Food Labeling: Helpful or Harmful?

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Food Labeling: Helpful or Harmful?

By Emily Buck - 09/27/2017

Food companies are stocking grocery store shelves with products that tout absence claims like non-GMO, antibiotic-free and hormone-free, all in the name of transparency. But is it really transparency, or is it fear marketing? When we hear something is “free” of an ingredient, we tend to automatically think it must be better for us. We also might become wary of the ingredient that has been removed -- because if it was taken out, it must be harmful, right? But is it really?

Take, for example, hormone-free chicken and pork. The packages labeled “no hormones added” must mean the products are superior to those without these labels, right? The answer is a definite no. It’s illegal to give hormones to poultry and pigs. In other words, no pig or poultry products have added hormones.

So why do only some packages mark it? Some companies think it gives them the competitive selling edge. And for confused and overwhelmed consumers, it does.

What about non-GMO tomatoes and orange juice? There are currently only 10 GM crops that are currently (or soon will be) commercially available. Guess what? Oranges and tomatoes aren’t on that list.

In a food company’s quest to be transparent, this is the opposite. Transparency is informing consumers about the GM crops available (squash, cotton, soybeans, sweet and field corn, papaya, alfalfa, sugar beets, canola, potatoes, and apples). Do you see wheat or oats on that list? Nope, but a lot of wheat- and oat-based products love to use the “non-GMO” label to persuade shoppers that they’re somehow better or healthier than the alternative.

Effect on Consumers, Farmers

Is there really harm in this? For consumers, perhaps not. Misleading labels might be causing them to pay more in grocery stores, or to become confused and frustrated during their shopping trips.

But for farmers, the potential harm can go deeper. By using fear marketing to influence consumer decisions, food companies are impacting everything from my family’s livelihood to the environment. In our quest to do what’s right for our families, our health and the world, we might end up causing a regression in agriculture rather than a progression.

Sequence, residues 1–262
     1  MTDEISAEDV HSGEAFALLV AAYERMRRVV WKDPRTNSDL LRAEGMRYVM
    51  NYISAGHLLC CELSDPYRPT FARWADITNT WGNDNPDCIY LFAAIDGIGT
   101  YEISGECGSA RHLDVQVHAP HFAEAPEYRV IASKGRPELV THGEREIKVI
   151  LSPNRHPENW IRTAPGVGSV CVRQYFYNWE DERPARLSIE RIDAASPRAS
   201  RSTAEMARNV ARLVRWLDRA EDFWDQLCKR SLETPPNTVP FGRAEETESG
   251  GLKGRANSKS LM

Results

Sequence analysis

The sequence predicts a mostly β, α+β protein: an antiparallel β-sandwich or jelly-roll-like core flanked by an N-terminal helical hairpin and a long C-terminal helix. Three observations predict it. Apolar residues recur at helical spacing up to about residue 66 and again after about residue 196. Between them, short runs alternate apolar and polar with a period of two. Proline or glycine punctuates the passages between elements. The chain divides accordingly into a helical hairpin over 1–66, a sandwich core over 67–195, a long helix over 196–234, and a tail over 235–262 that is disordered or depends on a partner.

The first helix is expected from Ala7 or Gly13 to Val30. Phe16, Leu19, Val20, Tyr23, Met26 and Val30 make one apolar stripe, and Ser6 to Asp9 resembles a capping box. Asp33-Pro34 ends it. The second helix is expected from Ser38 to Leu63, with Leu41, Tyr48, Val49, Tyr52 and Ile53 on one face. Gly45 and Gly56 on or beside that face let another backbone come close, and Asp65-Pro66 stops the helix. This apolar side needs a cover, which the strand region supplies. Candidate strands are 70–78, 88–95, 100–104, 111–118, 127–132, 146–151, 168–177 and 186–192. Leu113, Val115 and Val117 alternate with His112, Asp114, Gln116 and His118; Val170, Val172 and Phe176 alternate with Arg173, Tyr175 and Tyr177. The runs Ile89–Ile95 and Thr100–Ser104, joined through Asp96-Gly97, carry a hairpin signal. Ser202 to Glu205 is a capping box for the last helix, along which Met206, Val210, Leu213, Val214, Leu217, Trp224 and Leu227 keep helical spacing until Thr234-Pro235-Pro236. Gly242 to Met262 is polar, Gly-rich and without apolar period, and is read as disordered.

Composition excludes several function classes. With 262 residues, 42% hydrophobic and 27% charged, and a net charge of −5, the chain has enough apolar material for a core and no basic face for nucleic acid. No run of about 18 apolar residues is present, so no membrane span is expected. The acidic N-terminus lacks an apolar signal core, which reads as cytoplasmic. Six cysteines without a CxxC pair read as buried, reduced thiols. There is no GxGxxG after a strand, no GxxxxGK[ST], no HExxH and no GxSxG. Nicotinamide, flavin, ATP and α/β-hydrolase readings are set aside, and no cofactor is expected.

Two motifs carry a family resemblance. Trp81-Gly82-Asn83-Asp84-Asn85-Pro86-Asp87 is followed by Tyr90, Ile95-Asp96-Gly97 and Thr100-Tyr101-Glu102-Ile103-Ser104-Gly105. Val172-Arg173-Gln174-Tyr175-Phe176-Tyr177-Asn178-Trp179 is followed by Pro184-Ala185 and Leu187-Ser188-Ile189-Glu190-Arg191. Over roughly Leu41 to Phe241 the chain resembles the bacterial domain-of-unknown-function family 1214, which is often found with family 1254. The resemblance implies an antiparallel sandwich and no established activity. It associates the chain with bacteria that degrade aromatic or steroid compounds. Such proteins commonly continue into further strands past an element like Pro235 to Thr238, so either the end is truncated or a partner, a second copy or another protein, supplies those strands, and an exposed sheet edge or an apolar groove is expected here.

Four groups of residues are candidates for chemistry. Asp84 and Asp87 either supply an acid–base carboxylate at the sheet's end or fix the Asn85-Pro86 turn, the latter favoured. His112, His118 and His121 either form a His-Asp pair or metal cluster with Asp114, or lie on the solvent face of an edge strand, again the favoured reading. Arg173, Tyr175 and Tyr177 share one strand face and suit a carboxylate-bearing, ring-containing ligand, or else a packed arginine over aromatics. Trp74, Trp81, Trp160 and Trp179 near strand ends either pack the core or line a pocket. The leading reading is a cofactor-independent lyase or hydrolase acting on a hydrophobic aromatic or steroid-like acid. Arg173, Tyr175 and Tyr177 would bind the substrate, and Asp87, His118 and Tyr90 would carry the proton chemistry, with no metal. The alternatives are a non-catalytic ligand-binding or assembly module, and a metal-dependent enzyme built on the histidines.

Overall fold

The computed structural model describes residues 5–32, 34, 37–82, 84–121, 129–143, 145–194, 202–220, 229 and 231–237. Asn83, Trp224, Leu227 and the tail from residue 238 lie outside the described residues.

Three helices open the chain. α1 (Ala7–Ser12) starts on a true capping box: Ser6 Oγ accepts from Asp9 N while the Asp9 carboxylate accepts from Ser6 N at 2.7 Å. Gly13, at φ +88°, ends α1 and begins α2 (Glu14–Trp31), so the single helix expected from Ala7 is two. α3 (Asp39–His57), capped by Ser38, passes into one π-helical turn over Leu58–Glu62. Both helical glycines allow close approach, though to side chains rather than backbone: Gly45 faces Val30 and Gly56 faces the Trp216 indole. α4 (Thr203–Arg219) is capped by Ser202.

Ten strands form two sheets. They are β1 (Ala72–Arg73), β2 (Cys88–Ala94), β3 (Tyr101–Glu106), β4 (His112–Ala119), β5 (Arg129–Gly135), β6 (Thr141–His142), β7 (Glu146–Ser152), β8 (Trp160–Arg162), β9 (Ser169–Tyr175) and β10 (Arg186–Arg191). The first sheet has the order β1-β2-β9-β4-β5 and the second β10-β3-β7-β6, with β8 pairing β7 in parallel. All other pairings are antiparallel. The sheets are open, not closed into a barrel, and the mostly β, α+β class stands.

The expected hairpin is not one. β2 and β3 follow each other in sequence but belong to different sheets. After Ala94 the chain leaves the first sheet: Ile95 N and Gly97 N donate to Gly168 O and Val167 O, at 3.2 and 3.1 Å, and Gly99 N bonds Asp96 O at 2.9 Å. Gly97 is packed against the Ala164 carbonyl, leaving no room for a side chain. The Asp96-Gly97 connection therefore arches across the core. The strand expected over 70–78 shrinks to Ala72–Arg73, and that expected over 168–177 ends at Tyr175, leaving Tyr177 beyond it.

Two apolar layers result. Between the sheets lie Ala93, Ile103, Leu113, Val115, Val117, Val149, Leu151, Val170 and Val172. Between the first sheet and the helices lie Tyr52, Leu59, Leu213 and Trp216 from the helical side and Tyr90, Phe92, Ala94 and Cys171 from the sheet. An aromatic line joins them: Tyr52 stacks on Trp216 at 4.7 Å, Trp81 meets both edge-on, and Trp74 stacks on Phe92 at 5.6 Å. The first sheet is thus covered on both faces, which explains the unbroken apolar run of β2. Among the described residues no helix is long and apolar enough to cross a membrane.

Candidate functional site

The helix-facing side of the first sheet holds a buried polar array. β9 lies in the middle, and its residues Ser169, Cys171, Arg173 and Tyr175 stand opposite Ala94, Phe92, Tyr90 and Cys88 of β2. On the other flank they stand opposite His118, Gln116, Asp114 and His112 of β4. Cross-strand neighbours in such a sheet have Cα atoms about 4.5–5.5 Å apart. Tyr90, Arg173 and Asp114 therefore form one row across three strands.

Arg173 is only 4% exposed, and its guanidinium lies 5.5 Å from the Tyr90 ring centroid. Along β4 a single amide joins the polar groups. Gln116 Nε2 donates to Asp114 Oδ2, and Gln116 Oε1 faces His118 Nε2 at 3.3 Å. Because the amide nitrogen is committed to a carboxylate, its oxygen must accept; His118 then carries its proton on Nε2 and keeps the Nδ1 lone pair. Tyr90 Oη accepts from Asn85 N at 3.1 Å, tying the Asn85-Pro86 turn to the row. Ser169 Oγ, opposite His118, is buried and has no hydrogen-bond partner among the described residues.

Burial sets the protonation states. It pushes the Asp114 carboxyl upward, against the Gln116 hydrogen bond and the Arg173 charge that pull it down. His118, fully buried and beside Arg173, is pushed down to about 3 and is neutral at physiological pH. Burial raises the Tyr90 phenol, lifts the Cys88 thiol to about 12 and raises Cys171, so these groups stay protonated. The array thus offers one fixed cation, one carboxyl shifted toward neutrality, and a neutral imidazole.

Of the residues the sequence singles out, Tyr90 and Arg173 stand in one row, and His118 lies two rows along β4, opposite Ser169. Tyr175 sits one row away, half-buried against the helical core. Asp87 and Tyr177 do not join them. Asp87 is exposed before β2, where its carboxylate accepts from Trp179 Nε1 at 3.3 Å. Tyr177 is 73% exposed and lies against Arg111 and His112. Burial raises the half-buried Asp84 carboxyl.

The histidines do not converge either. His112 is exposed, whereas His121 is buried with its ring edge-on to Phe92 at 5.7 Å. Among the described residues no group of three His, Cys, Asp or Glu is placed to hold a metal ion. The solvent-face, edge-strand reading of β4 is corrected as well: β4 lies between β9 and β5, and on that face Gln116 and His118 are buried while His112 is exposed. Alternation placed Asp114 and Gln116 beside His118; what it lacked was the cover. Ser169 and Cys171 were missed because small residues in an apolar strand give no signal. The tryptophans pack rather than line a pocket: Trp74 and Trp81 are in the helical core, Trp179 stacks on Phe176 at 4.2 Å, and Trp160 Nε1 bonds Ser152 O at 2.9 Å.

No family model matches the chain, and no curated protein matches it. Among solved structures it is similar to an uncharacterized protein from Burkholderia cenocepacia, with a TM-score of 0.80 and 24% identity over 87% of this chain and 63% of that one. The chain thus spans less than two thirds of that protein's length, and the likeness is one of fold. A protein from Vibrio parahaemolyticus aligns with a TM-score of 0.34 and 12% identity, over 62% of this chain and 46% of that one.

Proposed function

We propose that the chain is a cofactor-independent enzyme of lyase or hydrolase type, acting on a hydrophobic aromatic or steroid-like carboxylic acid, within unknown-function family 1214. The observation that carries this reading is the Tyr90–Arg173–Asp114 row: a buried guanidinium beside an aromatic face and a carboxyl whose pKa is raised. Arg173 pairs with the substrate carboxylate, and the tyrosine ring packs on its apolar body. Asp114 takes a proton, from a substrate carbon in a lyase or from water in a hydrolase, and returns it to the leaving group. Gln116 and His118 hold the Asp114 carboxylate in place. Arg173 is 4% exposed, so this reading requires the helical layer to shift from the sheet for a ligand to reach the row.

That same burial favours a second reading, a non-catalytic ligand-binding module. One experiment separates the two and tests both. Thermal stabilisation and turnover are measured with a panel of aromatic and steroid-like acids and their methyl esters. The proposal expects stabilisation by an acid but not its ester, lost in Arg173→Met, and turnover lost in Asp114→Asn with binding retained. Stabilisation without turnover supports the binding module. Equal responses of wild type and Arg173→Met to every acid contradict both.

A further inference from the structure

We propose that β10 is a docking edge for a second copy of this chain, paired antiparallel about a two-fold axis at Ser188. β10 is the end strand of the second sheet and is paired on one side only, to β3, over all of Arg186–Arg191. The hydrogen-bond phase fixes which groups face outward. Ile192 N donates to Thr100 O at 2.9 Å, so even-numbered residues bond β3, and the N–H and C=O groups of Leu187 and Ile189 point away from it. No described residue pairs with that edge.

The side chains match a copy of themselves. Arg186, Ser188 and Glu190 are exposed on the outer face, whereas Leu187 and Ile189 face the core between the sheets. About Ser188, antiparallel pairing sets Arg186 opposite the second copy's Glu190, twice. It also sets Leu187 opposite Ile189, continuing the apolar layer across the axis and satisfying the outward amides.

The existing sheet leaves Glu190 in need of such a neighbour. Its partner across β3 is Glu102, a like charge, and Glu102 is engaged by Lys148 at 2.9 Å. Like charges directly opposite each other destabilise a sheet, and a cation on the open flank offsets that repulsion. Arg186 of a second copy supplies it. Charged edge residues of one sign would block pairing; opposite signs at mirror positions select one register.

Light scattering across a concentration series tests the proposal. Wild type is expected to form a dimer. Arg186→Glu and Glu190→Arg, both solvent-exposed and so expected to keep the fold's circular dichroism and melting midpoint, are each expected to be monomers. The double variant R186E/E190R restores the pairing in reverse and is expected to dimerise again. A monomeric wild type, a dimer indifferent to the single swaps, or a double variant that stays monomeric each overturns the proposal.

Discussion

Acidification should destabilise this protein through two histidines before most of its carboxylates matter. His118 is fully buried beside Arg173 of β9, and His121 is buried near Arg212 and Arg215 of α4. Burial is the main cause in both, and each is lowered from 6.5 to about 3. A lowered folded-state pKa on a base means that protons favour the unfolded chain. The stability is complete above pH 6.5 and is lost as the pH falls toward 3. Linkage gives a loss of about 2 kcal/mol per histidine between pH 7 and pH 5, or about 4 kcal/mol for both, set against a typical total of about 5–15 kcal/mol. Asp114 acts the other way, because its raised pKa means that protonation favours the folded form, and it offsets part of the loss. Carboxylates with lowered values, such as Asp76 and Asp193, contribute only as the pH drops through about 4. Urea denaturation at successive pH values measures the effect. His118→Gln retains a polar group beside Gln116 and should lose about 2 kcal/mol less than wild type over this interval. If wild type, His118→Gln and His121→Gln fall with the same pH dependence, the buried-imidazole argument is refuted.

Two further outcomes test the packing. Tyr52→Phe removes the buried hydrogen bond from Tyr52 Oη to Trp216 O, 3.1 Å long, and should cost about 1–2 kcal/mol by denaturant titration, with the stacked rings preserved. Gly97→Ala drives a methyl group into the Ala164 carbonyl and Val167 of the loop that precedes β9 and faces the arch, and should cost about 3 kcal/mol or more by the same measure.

Our grandparents didn’t farm with GMOs, but their farming methods were less sustainable and had a harsher impact on the environment. The tools we use on our farms today -- the same ones that food marketers are using to scare consumers -- actually allow us to provide healthier air, soil and water.

GMOs allow us to use pesticides more precisely, and we’re using fewer emissions, driving our tractors fewer times across the field. Without this remarkable tool, we’re at the mercy of Mother Nature with plants that aren’t tolerant of droughts and flooding. In turn, this means higher prices for food, affecting many Americans who can’t afford more expensive grocery bills.

It’s really food for thought. What I can truly stand behind is that technological advances allow farmers and ranchers to improve the care for our land and animals, with future generations in mind.

Emily Buck, Ph.D., farms with her husband, John, and daughter on their 1,000 acres of no-till farmland near Columbus, Ohio, in the Lake Erie and the Mississippi River watersheds. They farm corn, soybeans and a flock of 40 Southdown ewes. Buck is also an associate professor of agricultural communication at The Ohio State University and serves as one of the U.S. Farmers & Ranchers Alliance’s (USFRA) Faces of Farming & Ranching. All opinions expressed are the writer's own. Funded by one or more checkoff programs.